Cécile Guieu

My role in MedSeA Villefranche:
I have been doing 3 mesocosms experiments since 2007 and together with Frederic Gazeau, Amélie Sallon and all the engineers involved in MedSea, we have been adapting the mesocosms developed for the DUNE project to the specific objectives of MedSea. These are great and powerful tools. As during the Stareso experiment, I will be co-chief scientist. Together with Frederic we will make sure that everything goes smoothly as this kind of work is hard for the whole team. This is exactly like a cruise… without a ship! Beside this role, I will be involved in several activities: with Justine Louis, I will do ‘clean sampling’, filtration and sample treatment (UV irradiation) to get physical and organic/inorganic speciation of several nutrients; I will help Alina Ebling to ‘clean’ sample the surface microlayer and try to collect enough material to measure nutrients and do also some biological characterizations of this very specific environment. In addition, I will participate to the acquisition of core parameters such as Chla etc.

More about my research:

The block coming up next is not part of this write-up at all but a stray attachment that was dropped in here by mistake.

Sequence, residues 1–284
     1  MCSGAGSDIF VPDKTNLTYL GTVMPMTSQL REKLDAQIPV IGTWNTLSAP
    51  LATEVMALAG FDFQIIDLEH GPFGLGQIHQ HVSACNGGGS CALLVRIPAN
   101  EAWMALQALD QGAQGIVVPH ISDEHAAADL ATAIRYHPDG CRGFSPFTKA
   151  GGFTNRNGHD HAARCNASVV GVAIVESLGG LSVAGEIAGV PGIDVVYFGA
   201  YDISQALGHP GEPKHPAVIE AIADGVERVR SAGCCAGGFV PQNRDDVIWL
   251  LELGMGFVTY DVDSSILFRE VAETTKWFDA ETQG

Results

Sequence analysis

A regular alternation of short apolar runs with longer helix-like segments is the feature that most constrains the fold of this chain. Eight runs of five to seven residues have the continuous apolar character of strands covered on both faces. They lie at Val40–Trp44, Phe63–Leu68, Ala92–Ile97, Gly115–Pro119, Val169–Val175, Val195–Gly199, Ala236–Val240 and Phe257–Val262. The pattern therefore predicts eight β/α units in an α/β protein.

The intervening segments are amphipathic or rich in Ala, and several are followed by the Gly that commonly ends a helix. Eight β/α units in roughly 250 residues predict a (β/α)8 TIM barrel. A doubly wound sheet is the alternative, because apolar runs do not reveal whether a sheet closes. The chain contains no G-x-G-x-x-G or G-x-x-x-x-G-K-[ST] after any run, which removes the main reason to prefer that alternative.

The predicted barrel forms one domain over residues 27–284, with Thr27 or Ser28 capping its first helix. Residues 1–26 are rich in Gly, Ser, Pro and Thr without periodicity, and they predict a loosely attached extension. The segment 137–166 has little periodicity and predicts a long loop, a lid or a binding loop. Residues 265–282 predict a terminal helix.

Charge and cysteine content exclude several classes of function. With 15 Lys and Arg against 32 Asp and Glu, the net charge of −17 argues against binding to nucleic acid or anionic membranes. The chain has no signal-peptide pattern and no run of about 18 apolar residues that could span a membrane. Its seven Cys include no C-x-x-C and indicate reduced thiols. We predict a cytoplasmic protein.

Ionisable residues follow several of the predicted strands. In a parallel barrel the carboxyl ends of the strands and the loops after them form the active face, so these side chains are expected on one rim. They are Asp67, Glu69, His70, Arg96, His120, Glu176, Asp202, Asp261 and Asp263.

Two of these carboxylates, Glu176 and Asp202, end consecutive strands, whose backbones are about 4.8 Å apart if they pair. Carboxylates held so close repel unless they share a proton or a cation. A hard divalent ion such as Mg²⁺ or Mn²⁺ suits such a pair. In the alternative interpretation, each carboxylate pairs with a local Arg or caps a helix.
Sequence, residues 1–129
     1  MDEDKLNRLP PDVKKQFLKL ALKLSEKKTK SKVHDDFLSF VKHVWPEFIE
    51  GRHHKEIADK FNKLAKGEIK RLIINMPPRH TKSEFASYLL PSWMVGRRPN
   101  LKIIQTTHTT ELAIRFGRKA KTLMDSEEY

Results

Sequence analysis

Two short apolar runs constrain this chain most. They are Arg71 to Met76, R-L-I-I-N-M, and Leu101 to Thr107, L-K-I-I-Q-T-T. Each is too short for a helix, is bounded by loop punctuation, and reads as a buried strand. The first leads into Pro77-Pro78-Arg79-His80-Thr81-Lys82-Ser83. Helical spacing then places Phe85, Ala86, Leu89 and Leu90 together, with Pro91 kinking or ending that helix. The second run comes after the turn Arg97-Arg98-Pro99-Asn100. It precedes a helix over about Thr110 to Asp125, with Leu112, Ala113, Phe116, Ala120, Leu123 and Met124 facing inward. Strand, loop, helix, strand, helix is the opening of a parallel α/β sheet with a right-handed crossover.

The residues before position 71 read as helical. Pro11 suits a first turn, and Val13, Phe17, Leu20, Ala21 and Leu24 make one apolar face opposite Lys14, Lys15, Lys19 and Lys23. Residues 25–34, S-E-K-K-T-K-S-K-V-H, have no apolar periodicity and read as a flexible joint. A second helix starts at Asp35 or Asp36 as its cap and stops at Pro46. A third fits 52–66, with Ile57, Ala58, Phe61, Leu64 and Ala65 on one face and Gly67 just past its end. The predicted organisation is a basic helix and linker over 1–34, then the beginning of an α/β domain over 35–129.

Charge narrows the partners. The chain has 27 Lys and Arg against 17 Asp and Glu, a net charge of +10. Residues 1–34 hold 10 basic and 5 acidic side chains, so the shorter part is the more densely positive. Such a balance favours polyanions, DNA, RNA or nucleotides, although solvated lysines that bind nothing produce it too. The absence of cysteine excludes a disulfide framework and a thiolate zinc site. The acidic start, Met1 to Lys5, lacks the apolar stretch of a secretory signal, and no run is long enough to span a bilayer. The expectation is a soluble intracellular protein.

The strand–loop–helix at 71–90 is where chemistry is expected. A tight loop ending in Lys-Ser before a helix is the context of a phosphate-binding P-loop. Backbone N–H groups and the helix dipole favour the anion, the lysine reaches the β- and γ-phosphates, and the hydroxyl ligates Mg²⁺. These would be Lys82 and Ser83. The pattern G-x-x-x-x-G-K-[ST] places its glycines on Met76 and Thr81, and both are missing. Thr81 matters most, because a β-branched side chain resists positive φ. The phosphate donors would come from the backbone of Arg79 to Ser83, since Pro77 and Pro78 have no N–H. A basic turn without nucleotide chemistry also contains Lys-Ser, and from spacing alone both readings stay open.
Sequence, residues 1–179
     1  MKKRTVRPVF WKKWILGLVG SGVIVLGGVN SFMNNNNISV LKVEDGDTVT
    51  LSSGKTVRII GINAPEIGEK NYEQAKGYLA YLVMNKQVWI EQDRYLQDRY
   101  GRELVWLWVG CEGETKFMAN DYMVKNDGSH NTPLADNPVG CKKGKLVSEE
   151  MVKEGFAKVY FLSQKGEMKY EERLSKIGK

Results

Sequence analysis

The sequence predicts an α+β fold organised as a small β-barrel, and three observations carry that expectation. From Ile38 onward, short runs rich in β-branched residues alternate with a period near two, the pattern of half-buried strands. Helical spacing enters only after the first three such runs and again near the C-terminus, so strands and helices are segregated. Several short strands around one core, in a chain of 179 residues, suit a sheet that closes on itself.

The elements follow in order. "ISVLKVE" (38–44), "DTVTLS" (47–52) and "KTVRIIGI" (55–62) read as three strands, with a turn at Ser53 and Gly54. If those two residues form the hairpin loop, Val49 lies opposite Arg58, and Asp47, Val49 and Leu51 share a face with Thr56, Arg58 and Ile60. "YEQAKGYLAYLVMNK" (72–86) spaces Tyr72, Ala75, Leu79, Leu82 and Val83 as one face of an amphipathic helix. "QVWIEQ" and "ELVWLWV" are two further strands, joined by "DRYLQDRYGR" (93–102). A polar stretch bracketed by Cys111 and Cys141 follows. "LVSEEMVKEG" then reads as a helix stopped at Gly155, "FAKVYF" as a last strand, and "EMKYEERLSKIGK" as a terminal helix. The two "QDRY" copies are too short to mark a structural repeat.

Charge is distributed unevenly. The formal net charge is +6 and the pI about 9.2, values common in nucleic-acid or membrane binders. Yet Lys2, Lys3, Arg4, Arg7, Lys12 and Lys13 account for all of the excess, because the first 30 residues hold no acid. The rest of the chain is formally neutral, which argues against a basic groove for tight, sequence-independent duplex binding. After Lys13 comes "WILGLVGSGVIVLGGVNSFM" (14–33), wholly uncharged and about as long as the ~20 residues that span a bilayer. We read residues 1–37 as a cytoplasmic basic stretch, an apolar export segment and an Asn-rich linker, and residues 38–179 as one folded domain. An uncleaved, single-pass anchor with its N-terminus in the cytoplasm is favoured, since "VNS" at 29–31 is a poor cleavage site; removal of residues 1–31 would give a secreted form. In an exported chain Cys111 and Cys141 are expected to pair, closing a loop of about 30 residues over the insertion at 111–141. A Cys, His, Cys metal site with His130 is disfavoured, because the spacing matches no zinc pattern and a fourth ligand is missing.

I am interested in biogeochemical cycles of nutrients (iron, phosphorus, nitrogen) and how different forcing (such as atmospheric inputs) do impact them. I am particularly interested to study oligotrophic environments and I have been conducting several researchs in the Mediterranean Sea. Knowledge of the effect of environmental parameters such as pH and temperature on those cycles are still fragmented, and the MedSea mesocosms experiment should help us to better understand how decreasing pH will affect N, P and Fe cycles. In particular, we will measure these elements in 2 size fraction (0.2 and 0.015 µm) and we will measure organic and inorganic species. Considering the very oligotrophic condition at the site, we expect trace levels concentrations for the 3 elements and great care should be taken while sampling and processing the samples: we intend to work in ‘trace element clean conditions’ as we did for the previous mesocosms experiments during the DUNE project. Indeed, the mesocosms have been designed to conduct such delicate (but challenging) work.

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